# Query from Dennis Ritchie

Discussion in 'C Programming' started by C learner, Mar 29, 2011.

1. ### C learnerGuest

Hi,

I am stuying Dennis Ritchie. I came across the following statement.
Can anybody elaborate it more please:

"The direction of truncation for / and the sign of the result for %
are machine-dependent for negative operands, as is the action taken on
overflow and underflow"

what do they mean by direction of truncation
what do they mean by overflow and underflow

C learner, Mar 29, 2011

2. ### FredGuest

On Mar 29, 11:07 am, C learner <> wrote:
> Hi,
>
> I am stuying Dennis Ritchie. I came across the following statement.
> Can anybody elaborate it more please:
>
> "The direction of truncation for / and the sign of the result for %
> are machine-dependent for negative operands, as is the action taken on
> overflow and underflow"
>
> what do they mean by direction of truncation
> what do they mean by overflow and underflow
>

Direction of truncation: up or down (i.e. toward zero or away from
zero)
If the mathematically correct value is x, but x cannot be exactly
represented on a binary machine, should least significant bit be set
such that the value is slightly larger than the true value, or
slightly smaller.

Overflow: what happens if the result of the operation has a magniturd
larger than the largest number that can be represented.

Underflow: what happens if the result of the operation has a magnitude
smaller than the smallest number that can be represented.

--
Fred K

Fred, Mar 29, 2011

3. ### Ben PfaffGuest

C learner <> writes:

> "The direction of truncation for / and the sign of the result for %
> are machine-dependent for negative operands, as is the action taken on
> overflow and underflow"

This statement is no longer entirely correct, because C99 defined
the direction of truncation for / as toward zero.
--
"When I have to rely on inadequacy, I prefer it to be my own."
--Richard Heathfield

Ben Pfaff, Mar 29, 2011
4. ### Ike NaarGuest

On 2011-03-29, China Blue Meanies <> wrote:
> Is -3/2 equal to -1 or -2? Fortran says -1, Algol 60 says -2.

If I remember correctly, the ``/'' operator in Algol 60 always
denotes 'real' (floating point) division, so -3/2 = -1.5 .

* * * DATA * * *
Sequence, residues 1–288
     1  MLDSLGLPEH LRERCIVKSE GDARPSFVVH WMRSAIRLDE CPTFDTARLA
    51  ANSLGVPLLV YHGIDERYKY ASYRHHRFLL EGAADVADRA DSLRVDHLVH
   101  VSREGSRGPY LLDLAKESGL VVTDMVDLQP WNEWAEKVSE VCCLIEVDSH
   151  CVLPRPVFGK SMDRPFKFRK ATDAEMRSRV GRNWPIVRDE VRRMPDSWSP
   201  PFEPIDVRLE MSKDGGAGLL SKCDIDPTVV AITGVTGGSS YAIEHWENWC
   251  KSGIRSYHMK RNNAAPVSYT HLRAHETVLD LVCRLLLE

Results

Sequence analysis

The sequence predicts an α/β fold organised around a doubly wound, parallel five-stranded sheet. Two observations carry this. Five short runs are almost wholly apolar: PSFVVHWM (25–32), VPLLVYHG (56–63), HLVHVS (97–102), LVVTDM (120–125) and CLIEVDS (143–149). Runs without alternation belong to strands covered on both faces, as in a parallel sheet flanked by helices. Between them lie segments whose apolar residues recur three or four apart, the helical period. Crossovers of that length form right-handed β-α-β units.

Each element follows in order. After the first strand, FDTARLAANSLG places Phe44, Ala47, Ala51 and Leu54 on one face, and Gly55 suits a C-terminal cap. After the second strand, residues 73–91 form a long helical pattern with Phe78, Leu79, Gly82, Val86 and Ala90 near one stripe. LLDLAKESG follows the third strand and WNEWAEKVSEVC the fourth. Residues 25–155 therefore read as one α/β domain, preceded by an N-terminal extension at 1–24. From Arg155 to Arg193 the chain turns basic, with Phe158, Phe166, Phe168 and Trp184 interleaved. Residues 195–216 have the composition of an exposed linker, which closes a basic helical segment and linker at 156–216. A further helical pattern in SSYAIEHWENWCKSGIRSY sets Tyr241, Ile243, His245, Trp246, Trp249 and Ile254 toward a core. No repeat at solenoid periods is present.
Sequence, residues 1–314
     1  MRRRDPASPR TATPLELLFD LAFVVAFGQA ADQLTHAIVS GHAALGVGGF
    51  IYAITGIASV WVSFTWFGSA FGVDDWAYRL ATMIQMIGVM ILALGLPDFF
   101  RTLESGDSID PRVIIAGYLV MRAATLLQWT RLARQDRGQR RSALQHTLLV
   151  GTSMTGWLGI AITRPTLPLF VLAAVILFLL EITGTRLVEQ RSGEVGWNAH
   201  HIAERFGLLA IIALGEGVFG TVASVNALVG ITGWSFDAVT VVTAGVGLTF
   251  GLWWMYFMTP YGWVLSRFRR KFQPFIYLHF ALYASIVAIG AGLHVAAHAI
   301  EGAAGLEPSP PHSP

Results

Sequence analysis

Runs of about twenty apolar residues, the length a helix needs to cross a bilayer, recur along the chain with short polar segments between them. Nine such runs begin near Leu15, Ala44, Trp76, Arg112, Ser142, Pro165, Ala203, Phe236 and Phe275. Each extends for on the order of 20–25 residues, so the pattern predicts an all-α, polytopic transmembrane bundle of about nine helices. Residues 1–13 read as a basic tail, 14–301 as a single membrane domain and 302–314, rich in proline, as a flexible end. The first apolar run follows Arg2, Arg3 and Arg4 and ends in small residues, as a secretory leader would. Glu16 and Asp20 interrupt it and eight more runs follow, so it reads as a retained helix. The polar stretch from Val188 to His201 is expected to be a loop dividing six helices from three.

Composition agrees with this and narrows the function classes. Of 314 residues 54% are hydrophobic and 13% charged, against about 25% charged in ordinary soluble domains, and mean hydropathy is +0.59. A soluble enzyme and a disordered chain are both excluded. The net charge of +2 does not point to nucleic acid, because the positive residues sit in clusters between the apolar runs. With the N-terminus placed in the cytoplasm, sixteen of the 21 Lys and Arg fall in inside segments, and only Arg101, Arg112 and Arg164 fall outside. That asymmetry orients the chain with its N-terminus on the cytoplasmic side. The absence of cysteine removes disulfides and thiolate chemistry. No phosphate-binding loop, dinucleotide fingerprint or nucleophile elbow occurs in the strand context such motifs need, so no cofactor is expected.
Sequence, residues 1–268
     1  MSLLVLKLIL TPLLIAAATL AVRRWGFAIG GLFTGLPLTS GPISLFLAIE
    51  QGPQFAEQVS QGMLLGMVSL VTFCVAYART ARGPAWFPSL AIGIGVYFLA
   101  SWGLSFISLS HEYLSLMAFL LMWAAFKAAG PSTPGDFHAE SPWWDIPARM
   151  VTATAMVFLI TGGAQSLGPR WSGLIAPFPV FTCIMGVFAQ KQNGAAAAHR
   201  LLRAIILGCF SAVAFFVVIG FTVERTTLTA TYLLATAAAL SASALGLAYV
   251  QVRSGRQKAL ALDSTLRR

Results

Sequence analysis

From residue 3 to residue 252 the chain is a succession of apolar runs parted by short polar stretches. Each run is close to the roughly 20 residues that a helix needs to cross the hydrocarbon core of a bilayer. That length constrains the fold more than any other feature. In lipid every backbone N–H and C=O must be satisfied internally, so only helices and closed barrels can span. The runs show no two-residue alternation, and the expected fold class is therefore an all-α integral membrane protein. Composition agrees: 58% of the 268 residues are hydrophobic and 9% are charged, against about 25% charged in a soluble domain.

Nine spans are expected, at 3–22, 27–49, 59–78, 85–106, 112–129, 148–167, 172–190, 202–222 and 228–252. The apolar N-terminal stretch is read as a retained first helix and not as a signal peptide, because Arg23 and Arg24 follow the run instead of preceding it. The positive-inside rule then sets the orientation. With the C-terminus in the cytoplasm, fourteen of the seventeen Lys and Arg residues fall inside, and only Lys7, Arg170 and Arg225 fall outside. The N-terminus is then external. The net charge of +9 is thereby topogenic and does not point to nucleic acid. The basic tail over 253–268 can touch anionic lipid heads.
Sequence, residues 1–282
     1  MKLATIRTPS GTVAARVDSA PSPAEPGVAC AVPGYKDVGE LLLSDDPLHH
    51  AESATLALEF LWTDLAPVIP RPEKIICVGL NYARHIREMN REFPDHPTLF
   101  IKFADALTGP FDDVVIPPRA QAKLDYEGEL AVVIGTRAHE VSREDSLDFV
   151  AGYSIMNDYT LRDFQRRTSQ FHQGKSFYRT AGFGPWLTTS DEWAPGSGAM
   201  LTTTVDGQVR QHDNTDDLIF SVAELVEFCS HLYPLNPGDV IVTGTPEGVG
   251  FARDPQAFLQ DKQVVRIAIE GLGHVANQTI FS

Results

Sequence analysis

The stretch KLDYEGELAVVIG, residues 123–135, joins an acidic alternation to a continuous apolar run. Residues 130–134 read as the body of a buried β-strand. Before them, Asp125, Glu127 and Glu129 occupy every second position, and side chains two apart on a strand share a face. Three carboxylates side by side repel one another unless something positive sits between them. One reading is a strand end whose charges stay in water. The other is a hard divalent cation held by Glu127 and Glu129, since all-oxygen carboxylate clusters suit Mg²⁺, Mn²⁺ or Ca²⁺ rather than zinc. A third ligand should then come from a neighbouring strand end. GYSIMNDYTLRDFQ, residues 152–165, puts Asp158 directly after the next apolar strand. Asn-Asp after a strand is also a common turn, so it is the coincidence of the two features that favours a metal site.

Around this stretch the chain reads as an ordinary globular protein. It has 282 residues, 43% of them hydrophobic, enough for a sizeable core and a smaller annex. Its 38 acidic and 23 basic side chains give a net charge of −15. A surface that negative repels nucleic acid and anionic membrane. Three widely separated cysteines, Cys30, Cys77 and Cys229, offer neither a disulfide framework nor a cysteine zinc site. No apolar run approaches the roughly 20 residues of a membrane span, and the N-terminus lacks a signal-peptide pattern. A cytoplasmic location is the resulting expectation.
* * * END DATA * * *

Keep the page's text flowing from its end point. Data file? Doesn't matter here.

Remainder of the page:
There is a distinct operator for integer division, the symbol
used in the Algol report looks like a small horizontal line with
a dot above and one below.
Not all character sets support this symbol, so an alternative
notation is sometimes used, such as ``div'', ``-:-'' or ``%''.

A common definition for x -:- y is entier(x/y), where entier(z)
returns, for real z, the largest integer not greater than z.
With this definition, -3 -:- 2 = entier(-1.5) = -2 (like you said).

Ike Naar, Mar 29, 2011
5. ### Ben BacarisseGuest

Ike Naar <> writes:

> On 2011-03-29, China Blue Meanies <> wrote:
>> Is -3/2 equal to -1 or -2? Fortran says -1, Algol 60 says -2.

>
> If I remember correctly, the ``/'' operator in Algol 60 always
> denotes 'real' (floating point) division, so -3/2 = -1.5 .
> There is a distinct operator for integer division, the symbol
> used in the Algol report looks like a small horizontal line with
> a dot above and one below.

That makes it sound unusual! This: Ã· (is you can see UTF-8) was widely
used for division before Algol 60 came along. I'd call it the "school"
division symbol.

> Not all character sets support this symbol, so an alternative
> notation is sometimes used, such as ``div'', ``-:-'' or ``%''.
>
> A common definition for x -:- y is entier(x/y), where entier(z)
> returns, for real z, the largest integer not greater than z.
> With this definition, -3 -:- 2 = entier(-1.5) = -2 (like you said).

As it happens, that's not the definition used by Algol 60 in the revised
report. There, a -:- b is defined to be

sign(a/b) * entier(abs(a/b))

so -3 -:- 2 is -1 not -2.

--
Ben.

Ben Bacarisse, Mar 30, 2011
6. ### Ike NaarGuest

On 2011-03-30, Ben Bacarisse <> wrote:
> Ike Naar <> writes:
>> A common definition for x -:- y is entier(x/y), where entier(z)
>> returns, for real z, the largest integer not greater than z.
>> With this definition, -3 -:- 2 = entier(-1.5) = -2 (like you said).

>
> As it happens, that's not the definition used by Algol 60 in the revised
> report. There, a -:- b is defined to be
>
> sign(a/b) * entier(abs(a/b))
>
> so -3 -:- 2 is -1 not -2.

Thanks for the correction.

Ike Naar, Mar 30, 2011
7. ### James HarrisGuest

On Mar 29, 7:07 pm, C learner <> wrote:
> Hi,
>
> I am stuying Dennis Ritchie. I came across the following statement.
> Can anybody elaborate it more please:
>
> "The direction of truncation for / and the sign of the result for %
> are machine-dependent for negative operands, as is the action taken on
> overflow and underflow"
>
> what do they mean by direction of truncation
> what do they mean by overflow and underflow

In addition to what others have already said take a look at
<<Remainder operations mod and rem - Subtle distinctions of integer
remainder operations>> at

http://codewiki.wikispaces.com/mod+and+rem

above page so take it slowly! Note, in particular that this only
applies to integer operations, that the potential results bound the
floating point result, how the sign of the remainder varies, and which
options are generally unsupported.

James

James Harris, Apr 4, 2011